Annabelle Comes Home
Annabelle Comes Home isn’t entirely without its guilty pleasures.
* This filmography is not intended to be a comprehensive list of this artist’s work. Instead it reflects the films this person has been involved with that have been reviewed on this site.
The staff pays tribute to Harry Dean Stanton.
To understand our current political climate, let's revisit the rich cadre of Cold War films in our collective cultural archives.
One of the most important and dazzlingly original works by Coppola comes to Criterion Blu-ray.
Looking back at "Donnie Darko" on the occasion of its 15th anniversary.
Chaz Ebert highlights films with the potential to get us through the confusing political times of the Trump presidency.
Issue doc aesthetics; Amy S. Weber on "A Girl Like Her"; The original underclass; Sheriff of Babylon captivates war vet; Why "Point Break" still delivers.
A compilation of reviews defending the new "Ghostbusters" film.
An excerpt from the February 2016 issue of Bright Wall/Dark Room about Keanu Reeves.
An interview with New Zealand stuntwoman Zoë Bell, best known for hanging on the hood of Kurt Russell's car in "Death Proof," now the star of her own action vehicle, "Raze"
"The To Do List" may not be a film of great substance, but this comedy about a young girl’s strange, semi-erotic journey from untouched maiden to minx accomplishes something both rare and significant for a teen movie: it places a female character in the central role as unapologetic sexual aggressor.
I wasn't old enough to experience the French New Wave first hand. My introduction to the New German Cinema (Fassbinder, Herzog, Wenders, et al.) was getting my mind blown by Werner Herzog's 1973 "Aguirre, the Wrath of God" when it was released in the US in 1977. The bossa nova craze was before my time, as was Elvis, but I vividly remember Beatlemania and felt that punk and grunge were mine. It's hard for me to imagine what it must be like to look back on some of the things I experienced first-hand and to approach them retroactively.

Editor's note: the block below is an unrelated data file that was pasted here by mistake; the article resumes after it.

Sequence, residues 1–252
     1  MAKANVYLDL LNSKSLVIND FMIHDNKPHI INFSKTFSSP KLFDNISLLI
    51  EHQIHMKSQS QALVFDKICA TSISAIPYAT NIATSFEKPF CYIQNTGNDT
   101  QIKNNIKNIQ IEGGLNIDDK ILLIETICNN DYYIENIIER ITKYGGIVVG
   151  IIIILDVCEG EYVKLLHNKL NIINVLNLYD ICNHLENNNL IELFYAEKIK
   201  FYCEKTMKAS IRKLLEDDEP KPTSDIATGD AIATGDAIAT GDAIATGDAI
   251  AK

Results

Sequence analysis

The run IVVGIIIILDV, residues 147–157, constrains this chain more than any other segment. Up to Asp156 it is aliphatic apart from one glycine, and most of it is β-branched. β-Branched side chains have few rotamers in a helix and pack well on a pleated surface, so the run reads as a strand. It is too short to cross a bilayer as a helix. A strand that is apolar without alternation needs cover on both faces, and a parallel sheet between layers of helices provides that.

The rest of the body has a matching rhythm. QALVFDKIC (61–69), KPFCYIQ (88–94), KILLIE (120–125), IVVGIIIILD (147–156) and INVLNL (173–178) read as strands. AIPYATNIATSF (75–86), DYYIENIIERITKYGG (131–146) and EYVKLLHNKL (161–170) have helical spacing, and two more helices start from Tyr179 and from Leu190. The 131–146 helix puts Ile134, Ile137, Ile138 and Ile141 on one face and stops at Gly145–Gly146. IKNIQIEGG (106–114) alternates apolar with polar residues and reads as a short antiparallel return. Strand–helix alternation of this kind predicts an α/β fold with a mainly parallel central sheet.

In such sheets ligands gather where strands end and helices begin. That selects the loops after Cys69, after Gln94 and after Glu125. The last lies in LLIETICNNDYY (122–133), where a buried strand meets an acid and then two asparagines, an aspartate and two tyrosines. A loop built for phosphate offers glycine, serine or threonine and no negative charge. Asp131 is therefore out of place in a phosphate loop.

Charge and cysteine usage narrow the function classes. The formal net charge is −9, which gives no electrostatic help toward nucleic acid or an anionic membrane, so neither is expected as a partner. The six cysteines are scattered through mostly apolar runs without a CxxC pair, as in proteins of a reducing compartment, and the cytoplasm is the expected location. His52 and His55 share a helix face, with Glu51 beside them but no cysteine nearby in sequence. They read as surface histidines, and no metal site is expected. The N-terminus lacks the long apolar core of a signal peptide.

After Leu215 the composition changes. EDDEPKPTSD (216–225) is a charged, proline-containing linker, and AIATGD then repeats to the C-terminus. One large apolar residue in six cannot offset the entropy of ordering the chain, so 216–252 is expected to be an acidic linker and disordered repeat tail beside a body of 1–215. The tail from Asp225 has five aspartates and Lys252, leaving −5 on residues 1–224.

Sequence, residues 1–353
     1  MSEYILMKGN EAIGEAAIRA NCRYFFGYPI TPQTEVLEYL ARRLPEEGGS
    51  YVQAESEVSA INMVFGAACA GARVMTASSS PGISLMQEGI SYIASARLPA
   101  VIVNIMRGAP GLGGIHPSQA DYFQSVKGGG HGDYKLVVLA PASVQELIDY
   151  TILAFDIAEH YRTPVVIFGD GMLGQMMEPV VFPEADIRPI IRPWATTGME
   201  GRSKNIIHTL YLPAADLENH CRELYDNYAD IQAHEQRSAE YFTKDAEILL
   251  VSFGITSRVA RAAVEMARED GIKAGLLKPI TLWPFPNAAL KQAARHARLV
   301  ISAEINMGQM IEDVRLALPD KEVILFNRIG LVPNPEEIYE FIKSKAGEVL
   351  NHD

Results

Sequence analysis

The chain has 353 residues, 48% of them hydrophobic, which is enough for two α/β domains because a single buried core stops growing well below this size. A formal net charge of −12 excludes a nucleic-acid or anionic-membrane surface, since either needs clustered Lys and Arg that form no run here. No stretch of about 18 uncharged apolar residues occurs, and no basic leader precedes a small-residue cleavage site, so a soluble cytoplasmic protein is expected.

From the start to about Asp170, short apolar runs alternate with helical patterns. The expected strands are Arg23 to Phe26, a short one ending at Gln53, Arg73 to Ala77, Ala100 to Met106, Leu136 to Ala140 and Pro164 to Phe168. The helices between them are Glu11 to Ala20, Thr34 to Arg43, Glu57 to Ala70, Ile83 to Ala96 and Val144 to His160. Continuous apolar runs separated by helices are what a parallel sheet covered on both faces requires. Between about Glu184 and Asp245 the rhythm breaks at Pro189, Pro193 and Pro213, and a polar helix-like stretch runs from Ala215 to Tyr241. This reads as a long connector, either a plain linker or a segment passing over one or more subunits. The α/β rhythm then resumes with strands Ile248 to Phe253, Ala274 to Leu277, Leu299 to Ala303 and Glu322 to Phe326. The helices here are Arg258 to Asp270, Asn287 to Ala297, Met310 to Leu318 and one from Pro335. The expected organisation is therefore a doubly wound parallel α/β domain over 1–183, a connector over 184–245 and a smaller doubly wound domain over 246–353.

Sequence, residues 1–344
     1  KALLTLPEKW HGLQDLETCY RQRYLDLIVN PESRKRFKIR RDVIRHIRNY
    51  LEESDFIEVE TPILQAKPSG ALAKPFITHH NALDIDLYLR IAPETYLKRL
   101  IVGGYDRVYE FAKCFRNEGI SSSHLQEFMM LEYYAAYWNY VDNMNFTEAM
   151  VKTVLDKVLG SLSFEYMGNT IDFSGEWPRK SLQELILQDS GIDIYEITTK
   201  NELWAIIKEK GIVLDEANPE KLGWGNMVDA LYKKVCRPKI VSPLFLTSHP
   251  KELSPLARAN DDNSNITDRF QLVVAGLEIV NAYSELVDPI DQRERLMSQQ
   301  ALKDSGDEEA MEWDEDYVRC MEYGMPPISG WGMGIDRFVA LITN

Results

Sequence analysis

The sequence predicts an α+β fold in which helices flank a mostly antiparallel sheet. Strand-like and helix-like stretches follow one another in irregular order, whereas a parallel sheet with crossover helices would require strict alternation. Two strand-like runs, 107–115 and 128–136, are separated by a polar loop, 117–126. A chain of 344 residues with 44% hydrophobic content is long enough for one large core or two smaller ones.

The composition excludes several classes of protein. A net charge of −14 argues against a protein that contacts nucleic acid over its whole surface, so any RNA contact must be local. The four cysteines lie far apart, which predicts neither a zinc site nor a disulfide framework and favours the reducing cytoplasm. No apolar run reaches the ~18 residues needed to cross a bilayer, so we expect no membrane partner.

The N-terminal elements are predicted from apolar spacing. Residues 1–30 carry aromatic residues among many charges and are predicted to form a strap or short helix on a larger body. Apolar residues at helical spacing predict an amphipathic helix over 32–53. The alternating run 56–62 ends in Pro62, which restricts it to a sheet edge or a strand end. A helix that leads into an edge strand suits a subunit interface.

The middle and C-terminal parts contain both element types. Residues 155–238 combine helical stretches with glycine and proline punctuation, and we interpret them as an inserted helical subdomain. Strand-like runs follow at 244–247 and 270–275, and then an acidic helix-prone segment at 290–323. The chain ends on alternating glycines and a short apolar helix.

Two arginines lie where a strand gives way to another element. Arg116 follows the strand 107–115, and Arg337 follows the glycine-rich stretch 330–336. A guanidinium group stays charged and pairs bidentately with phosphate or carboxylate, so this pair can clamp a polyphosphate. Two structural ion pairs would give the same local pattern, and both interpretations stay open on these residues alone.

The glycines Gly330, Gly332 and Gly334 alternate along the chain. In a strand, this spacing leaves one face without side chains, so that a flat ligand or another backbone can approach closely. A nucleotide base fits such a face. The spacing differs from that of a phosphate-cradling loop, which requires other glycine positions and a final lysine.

I've been thinking about this for a while -- what a pleasure it has been, for example, to see Steven Spielberg develop, having watched his TV movie "Duel" when it was first broadcast and being absolutely riveted; discovering the monstrous phenomenon of "Jaws" when it opened and created the "summer blockbuster" before we had a term for it; witnessing the remarkable suburban double-whammy of "E.T." and "Poltergeist" (in which Spielberg's presence was clearly felt) in the summer of 1982...
But what brought it to the forefront of my consciousness was this (last?) week's Entertainment Weekly cover story touting a big ol' list of 1,000 "New Classics" in film, music, theater, video games, etc. I'm not entirely sure what their definition of "classic" is meant to be, though among the terms they use to describe them are "iconic" ("Pulp Fiction"), "primal work of popular art" ("Titanic"), "quotable" ("Jerry Maguire"), "apotheosis of its genre" ("A Room With a View"), "most amazing" ("Children of Men")... and, um, "classic" ("When Harry Met Sally").
Q. I noticed the letter in the Answer Man from Daniel Stender of Ames, Iowa, who had a project of paintings of scenes from movies featuring people dressed in bear suits but who could only think of two titles, "The Shining" and "The Science of Sleep."
"It was as though this plan had been with him all his life, pondered through the seasons, now in his fifteenth year crystallized with the pain of puberty." -- from Graham Greene's story "The Destructors," as read by Donnie Darko's English teacher, Miss Pomeroy (Drew Barrymore)
PARK CITY, Utah -- One day at Sundance, three wonderful films:
There is a kind of shyness, a modesty, about Francis Ford Coppola that is so surprising. Here is the director of "The Godfather," and the epic "Apocalypse Now," and the paranoid psychodrama "The Conversation," and he talks about whether he has the right to put his name above the title. Kids out of film school put their names on their first films, and here he is explaining why his movies are called "Mario Puzo's The Godfather" and "Bram Stoker's Dracula" and "John Grisham's The Rainmaker."
And so, all of a sudden, Kevin Costner is a schmo. The hero of
LOS ANGELES This is a very small anecdote, but maybe it will lead somewhere. I went to interview Albert Brooks out at his office at Warner Bros. We were going to talk about "Defending Your Life," his new comedy about a man who discovers the afterlife is a place named Judgment City, and you go on trial there. We had a good talk.